Jury to decide if former student accused of Davis stabbing deaths is competent to stand trial

In order to determine whether 21-year-old Carlos Reales, the man accused of fatally stabbing two individuals and injuring another, is mentally capable of facing trial for those crimes, the jury in Davis started listening to testimonies in the competency trial this week.

Carlos Reales Dominguez, with his disheveled black hair, remains motionless beside his court-appointed lawyer, adorned in a green vest meant for suicide prevention, amidst the chaotic surroundings. Within the confines of his Yolo County jail cell, over the past few days, the individual who once attended UC Davis as a freshman has meticulously documented the testimonies of the witnesses summoned by the defense.

The university community was unsettled by a series of knife attacks that occurred between April 27 and May 1, in which Dominguez fatally stabbed David Breaux, aged 50, and Karim Abou Najm, aged 20, and critically injured Kimberlee Guillory, aged 64.

If he is not sent to the hospital until his trial, he stands to fit the state’s criteria. If the jury finds him competent, his trial will be scheduled. The central question now is whether he is able to understand the criminal proceedings and assist in his defense, considering his mental competency.

Hutchinson, Daniel Hutchinson, the public defender representing Dominguez, informed the jury during the opening statements on Tuesday that his client has schizophrenia and lacks the capacity to aid in his own defense.

In early June, the psychologist Juliana Dr. Rohrer backed up the statement that Dominguez was ordered by the court to conduct a competency exam.

“I would say that Mr. Dominguez is a classic example of schizophrenia,” she said.

“Malingering,” or pretending to be ill, is determined by Dominguez through various psychological tests, and her decision was based on the expert witness Rohrer’s testimony as outlined in court.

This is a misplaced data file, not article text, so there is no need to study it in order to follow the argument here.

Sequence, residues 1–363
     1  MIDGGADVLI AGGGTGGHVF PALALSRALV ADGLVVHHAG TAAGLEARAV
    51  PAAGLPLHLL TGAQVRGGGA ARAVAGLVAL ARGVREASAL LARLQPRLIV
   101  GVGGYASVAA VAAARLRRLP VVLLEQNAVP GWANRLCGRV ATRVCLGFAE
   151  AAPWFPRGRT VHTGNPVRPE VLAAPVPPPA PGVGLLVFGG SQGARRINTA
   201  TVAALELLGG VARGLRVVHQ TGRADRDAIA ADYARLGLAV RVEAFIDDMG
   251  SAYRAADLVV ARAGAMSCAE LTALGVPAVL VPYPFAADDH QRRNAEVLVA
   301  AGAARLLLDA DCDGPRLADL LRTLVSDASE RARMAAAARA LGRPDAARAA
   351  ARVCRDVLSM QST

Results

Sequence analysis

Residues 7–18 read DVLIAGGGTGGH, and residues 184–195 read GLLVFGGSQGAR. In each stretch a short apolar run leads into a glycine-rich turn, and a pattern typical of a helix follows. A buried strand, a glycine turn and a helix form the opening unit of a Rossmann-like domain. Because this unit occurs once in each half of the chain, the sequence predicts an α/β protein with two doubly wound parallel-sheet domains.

She specifically emphasized Dominguez’s capability to remain completely motionless for approximately seven or eight hours as proof of schizophrenia.

She expressed, “In my opinion, it would probably be one of the most challenging tasks for anyone to convincingly counterfeit.” “Having spent years working in a correctional facility, I have witnessed numerous individuals attempting to feign various aspects, and typically they opt for situations that won’t put them in a state of unease.”

Rohrer agreed that a trial could argue that someone with schizophrenia could still be competent. The prosecution told the jurors during their opening statements that Dominguez is capable of making decisions based on what is going on with him and toying with the system.

Testifying on the stand, individuals acquainted with Dominguez from his first year until the killings, such as his former partner Caley Gallardo, affirmed that Dominguez had consistently displayed introverted tendencies. However, they noted a substantial decline in his behavior and well-being during their time together on Tuesday and Wednesday.

Gallardo and Dominguez’s former roommates testified that he frequently consumed alcohol and marijuana. They stated that he informed them about hearing sinister voices in his dreams, and they observed that he started exhibiting signs of paranoia.

On Wednesday, two mental health professionals from Yolo County Jail testified that former UC Davis student Davis repeatedly asked his school counselor to sign up for classes, despite being expelled shortly before the murders occurred.

The prosecution contended that Dominguez may think that he can still register for courses and is opting to act in this manner.

Mark Reichel, a practicing criminal defense attorney in Sacramento, says that offering alternative explanations is a larger part of this strategy, which is why Dominguez could be acting irrationally.

Reichel states that by requesting a trial by jury, the prosecution has increased their likelihood of proving Dominguez’s competency.

He stated, “Do not judge one unfairly, but rather persuade the defense attorneys to make their case. We want to have a jury here that is knowledgeable, so tell us which move in this chess match they thought was their best.”

Reichel states that the final statements will hold utmost importance in this particular case, and he expresses his curiosity regarding the lawyers’ approach in analyzing and elucidating the testimony of the psychological and medical mental health experts to the jury.

Reichel states that the typical duration of the process ranges from three to six months. In the event that Dominguez is deemed unfit, he will be transferred to a state hospital for the purpose of regaining competence.

Towards the midpoint of that week, Judge Samuel T. MacAdam informed the jury that he anticipates they will be requested to render a verdict. The trial is set to recommence on August 7 and will observe a hiatus during the week of July 31.